Screening Examination of the Lower Extremities BUY THIS BOOK! Lower Extremity Screening Exam

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1 Screening Examination of the Lower Extremities Melvyn Harrington, MD Department of Orthopaedic Surgery & Rehabilitation Loyola University Medical Center BUY THIS BOOK! Essentials of Musculoskeletal Care Written for Primary Care Providers Perfect for 3 rd & 4 th year med students going into primary care Lower Extremity Screening Exam Inspect, Palpate, and Examine Lower Extremities (skin, muscles, joints). Test for ROM and muscle strength. Observe for specific joint deformities, tenderness, soft tissue swelling, joint effusions, bony enlargement, and synovial thickening.

2 Lower Extremity Screening Exam Skin - Special attention is given to signs of chronic arterial or venous insufficiency. Nails inspect for infection, color Feet/legs - inspect skin for signs of chronic arterial or venous insufficiency inspect for abnormalities of position, varus or valgus angulation, symmetry of legs and joints Note any muscle atrophy, fasciculations, or involuntary movements Lower Extremity Screening Exam Inspect for size, length, shape, and symmetry of the legs and joints. Note any abnormalities of position, swelling, or redness. Palpate for bony or muscle abnormalities. Knee patella tendon, patella, medial and lateral femoral epicondyles, proximal tibia Hip - palpate area of greater trochanter, note any pain Lower Extremity Screening Exam Test ROM of each joint. Ankle: dorsiflexion (20 o ) plantarflexion (45 o ) eversion (20 o ) inversion (30 o ) Knee: Note crepitus with ROM flexion (130 o ) extension (10 o ) Hip Flexion (120 o ) Internal Rotation (40 o ) When the lower leg swings laterally, the femur rotates internally at the hip joint External Rotation (45 o ) When the lower leg swings medially, the femur rotates externally at the hip joint.

3 Lower Extremity Screening Exam Manual Motor Testing Always grade muscle strength on a scale of 0 to 5: 0 No muscular contraction detected 1 A barely detectable flicker or trace of contraction 2 Active movement of the body part with gravity eliminated 3 Active movement against gravity 4 Active movement against gravity and some resistance 5 Active movement against full resistance without evident fatigue. This is normal muscle strength. Lower Extremity Screening Exam Grade the following muscle strength in each leg: Hip flexion (iliopsoas muscle L2, L3, L4 femoral nerve) Knee flexion (hamstrings L5, S1, S2 sciatic nerve) Knee extension (quadriceps L2, L3, L4 femoral nerve) Ankle dorsiflexion (L4, L5 peroneal nerve) Ankle plantar flexion (S1, S2 tibial nerve) Where is your hip? Hip joint pain is most commonly felt in the groin and anterior thigh Hip joint pain may radiate to the knee Pain over the greater trochanter is typically trochanteric bursitis The buttock is not the hip! Buttock pain is typically from the sciatic nerve or lumbar spine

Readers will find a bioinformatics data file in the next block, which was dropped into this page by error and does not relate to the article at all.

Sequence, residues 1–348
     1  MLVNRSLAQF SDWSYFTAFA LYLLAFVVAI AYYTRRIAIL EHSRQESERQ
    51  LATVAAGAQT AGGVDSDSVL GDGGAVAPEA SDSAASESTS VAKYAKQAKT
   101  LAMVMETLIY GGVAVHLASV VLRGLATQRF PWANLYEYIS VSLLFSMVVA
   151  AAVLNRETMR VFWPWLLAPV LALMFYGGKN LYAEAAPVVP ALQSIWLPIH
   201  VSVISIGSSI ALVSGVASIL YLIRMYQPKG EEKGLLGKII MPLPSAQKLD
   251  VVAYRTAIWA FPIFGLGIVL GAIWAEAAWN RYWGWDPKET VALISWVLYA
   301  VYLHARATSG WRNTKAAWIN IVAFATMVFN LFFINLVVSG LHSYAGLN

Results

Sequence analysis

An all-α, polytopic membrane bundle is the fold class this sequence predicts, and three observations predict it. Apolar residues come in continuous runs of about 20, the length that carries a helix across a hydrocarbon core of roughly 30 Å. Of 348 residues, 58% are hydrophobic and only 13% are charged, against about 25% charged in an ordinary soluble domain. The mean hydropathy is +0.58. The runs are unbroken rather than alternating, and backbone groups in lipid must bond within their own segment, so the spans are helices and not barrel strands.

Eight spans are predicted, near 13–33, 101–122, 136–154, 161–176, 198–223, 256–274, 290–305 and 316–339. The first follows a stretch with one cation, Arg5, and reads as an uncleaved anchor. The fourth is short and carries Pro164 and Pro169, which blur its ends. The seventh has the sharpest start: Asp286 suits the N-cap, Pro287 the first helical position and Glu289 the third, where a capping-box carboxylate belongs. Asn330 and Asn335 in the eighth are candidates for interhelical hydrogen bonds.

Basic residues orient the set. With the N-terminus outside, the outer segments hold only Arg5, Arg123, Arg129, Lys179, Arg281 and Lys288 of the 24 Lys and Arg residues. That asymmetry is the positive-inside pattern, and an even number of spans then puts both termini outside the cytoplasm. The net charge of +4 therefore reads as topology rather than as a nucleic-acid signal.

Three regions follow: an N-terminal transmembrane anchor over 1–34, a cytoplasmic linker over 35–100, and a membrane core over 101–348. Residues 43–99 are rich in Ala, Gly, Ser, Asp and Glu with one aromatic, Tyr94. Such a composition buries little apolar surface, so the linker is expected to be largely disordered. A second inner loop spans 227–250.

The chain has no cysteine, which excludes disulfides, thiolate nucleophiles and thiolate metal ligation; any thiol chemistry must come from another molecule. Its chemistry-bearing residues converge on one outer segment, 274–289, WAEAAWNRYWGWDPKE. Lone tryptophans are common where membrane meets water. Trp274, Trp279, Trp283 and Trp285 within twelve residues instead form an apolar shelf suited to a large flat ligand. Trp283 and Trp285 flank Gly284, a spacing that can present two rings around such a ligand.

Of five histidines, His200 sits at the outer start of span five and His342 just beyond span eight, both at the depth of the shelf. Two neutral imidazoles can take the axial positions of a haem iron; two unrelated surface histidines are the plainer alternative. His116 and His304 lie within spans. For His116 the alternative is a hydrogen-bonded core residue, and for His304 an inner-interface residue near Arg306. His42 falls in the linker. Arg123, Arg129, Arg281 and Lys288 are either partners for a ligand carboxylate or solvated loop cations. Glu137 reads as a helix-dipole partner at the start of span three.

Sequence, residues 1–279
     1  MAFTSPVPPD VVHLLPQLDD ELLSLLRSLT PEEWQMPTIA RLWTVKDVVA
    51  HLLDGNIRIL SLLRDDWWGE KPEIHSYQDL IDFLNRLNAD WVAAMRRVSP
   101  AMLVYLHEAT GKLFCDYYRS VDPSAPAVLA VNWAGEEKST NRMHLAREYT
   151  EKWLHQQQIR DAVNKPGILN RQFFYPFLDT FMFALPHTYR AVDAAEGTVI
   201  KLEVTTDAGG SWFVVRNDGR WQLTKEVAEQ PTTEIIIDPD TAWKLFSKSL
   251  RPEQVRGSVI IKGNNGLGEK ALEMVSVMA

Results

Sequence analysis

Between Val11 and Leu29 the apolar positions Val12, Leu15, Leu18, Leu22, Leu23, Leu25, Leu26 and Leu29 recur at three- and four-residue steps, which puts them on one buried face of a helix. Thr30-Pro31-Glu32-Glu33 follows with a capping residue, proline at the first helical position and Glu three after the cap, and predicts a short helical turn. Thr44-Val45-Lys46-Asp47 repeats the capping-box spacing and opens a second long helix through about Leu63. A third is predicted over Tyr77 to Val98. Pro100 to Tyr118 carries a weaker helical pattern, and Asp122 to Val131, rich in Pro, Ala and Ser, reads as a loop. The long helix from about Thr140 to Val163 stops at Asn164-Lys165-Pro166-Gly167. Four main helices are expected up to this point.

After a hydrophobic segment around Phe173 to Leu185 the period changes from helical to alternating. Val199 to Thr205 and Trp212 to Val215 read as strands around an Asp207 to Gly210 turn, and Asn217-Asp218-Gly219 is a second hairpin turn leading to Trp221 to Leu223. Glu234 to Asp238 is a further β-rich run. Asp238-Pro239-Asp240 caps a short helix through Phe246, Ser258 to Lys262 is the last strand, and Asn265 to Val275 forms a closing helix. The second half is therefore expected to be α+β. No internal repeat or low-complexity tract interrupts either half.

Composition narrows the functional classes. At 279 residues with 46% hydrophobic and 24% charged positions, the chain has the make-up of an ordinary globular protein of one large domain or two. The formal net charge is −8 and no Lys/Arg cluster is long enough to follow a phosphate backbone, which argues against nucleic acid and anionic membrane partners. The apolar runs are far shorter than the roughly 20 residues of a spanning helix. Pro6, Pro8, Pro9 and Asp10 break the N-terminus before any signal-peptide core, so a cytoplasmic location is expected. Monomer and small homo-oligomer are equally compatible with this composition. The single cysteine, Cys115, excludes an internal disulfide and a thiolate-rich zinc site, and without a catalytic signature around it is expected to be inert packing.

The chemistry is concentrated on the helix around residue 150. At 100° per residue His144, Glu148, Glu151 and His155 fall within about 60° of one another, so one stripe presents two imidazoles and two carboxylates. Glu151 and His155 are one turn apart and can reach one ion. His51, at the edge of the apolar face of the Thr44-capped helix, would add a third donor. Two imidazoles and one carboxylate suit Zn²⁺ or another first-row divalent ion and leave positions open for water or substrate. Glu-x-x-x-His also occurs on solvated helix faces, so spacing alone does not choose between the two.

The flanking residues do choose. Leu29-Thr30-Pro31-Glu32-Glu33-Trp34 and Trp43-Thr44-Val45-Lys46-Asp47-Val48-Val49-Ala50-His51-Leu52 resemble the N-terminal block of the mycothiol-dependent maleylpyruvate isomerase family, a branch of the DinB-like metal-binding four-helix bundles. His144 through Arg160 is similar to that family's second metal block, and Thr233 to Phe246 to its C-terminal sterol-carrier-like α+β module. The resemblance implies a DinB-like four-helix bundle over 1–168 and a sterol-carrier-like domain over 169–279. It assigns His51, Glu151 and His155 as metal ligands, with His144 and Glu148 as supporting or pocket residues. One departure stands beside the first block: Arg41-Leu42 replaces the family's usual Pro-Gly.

4 Musculoskeletal History Where is the pain? When did it start? How bad is it? Does it keep you awake at night? What makes it better/worse? What treatments have you had and did they work? Hip Specific History How far can you walk? Do you use any assistive devices? Do you limp? Can you tie your shoes, put on your socks, and clip your toenails? Do you climb stairs normally or one at at time? Which foot first? How long can you sit? Do you have pain with the first steps after sitting? Gait Analysis - Hip Abductor Lurch Shoulder shifting gait Moves center of gravity towards affected side to decrease forces across the hip joint Trendelenberg Gait Weakness of abductor muscles Pelvis drops away from the affected side

5 Hip Exam Palpation Greater trochanter bursitis Pubic rami fractures Ischium fractures, bursitis, sciatic nerve Hip Exam Range of Motion Flexion/ Extension Internal/ External Rotation Abduction/ Adduction Check in several positions Know where the pelvis is! Compare with the contralateral side Hip Range of Motion Flexion Most pts > 90 Flexion Contracture Maximally flex opposite hip to fix pelvis Thigh will not lie flat on the table

6 Hip Range of Motion Hip Rotation Check in several positions: Supine with hip flexed Supine with hip extended Seated Prone (most accurate) Internal Rotation External Rotation Hip Range of Motion Seated External Rotation Internal Rotation Hip Range of Motion Palpate ASIS to feel when pelvis begins to rotate ABduction ADDuction

7 Knee History Knee pain stays in the knee Hip pain may be felt in the knee The knee is more complex than the hip More things can hurt in the knee Knee History Mechanism of Injury What exactly happened? Which way did your knee go? Did you hear or feel a pop? Did your knee swell? Right away or over next 24 hours? Mechanism can often make the diagnosis Pop and immediate swelling almost always ACL Location Anterior, posterior, medial, lateral Almost every structure in the knee except for the cruciate ligaments can be directly palpated Knee History

8 Observation Alignment (standing) Varus/valgus Procurvatum/recurvat um Skin Redness Warmth Effusions Lesions/wounds Knee Exam Gait Analysis - Knee Antalgic (painful) Limp Shortened stance phase of gait Stiff-knee gait Knee does not bend through gait cycle Thrust Varus or valgus bowing with each step trick knee Range of motion Active and passive Extensor lag Extension ( ) Flexion ( ) Knee Exam

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